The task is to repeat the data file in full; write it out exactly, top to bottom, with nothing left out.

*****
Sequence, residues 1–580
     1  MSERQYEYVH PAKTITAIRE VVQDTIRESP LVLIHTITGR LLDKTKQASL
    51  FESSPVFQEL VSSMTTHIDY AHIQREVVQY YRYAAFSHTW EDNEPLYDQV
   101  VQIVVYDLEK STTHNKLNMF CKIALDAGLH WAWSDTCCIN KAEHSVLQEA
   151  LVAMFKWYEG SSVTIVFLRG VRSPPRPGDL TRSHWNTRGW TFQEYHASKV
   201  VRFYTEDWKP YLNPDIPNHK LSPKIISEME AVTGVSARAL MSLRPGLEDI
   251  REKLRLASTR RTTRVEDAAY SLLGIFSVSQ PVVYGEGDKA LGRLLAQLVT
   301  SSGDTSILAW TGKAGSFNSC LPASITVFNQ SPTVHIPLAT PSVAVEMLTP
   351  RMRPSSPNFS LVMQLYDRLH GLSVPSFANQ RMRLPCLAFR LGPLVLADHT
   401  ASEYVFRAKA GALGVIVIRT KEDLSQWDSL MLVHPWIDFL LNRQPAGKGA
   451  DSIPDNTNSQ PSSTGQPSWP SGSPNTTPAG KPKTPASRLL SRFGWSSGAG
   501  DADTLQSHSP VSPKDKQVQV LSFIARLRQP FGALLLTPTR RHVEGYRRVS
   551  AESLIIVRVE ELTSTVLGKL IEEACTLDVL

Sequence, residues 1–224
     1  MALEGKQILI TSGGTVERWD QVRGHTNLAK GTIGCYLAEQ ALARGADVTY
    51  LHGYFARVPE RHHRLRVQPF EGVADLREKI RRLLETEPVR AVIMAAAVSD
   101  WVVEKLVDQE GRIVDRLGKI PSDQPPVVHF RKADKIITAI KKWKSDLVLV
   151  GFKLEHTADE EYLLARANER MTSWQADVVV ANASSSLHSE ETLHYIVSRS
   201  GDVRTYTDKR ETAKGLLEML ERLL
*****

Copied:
Sequence, residues 1–580
     1  MSERQYEYVH PAKTITAIRE VVQDTIRESP LVLIHTITGR LLDKTKQASL
    51  FESSPVFQEL VSSMTTHIDY AHIQREVVQY YRYAAFSHTW EDNEPLYDQV
   101  VQIVVYDLEK STTHNKLNMF CKIALDAGLH WAWSDTCCIN KAEHSVLQEA
   151  LVAMFKWYEG SSVTIVFLRG VRSPPRPGDL TRSHWNTRGW TFQEYHASKV
   201  VRFYTEDWKP YLNPDIPNHK LSPKIISEME AVTGVSARAL MSLRPGLEDI
   251  REKLRLASTR RTTRVEDAAY SLLGIFSVSQ PVVYGEGDKA LGRLLAQLVT
   301  SSGDTSILAW TGKAGSFNSC LPASITVFNQ SPTVHIPLAT PSVAVEMLTP
   351  RMRPSSPNFS LVMQLYDRLH GLSVPSFANQ RMRLPCLAFR LGPLVLADHT
   401  ASEYVFRAKA GALGVIVIRT KEDLSQWDSL MLVHPWIDFL LNRQPAGKGA
   451  DSIPDNTNSQ PSSTGQPSWP SGSPNTTPAG KPKTPASRLL SRFGWSSGAG
   501  DADTLQSHSP VSPKDKQVQV LSFIARLRQP FGALLLTPTR RHVEGYRRVS
   551  AESLIIVRVE ELTSTVLGKL IEEACTLDVL

Sequence, residues 1–224
     1  MALEGKQILI TSGGTVERWD QVRGHTNLAK GTIGCYLAEQ ALARGADVTY
    51  LHGYFARVPE RHHRLRVQPF EGVADLREKI RRLLETEPVR AVIMAAAVSD
   101  WVVEKLVDQE GRIVDRLGKI PSDQPPVVHF RKADKIITAI KKWKSDLVLV
   151  GFKLEHTADE EYLLARANER MTSWQADVVV ANASSSLHSE ETLHYIVSRS
   201  GDVRTYTDKR ETAKGLLEML ERLL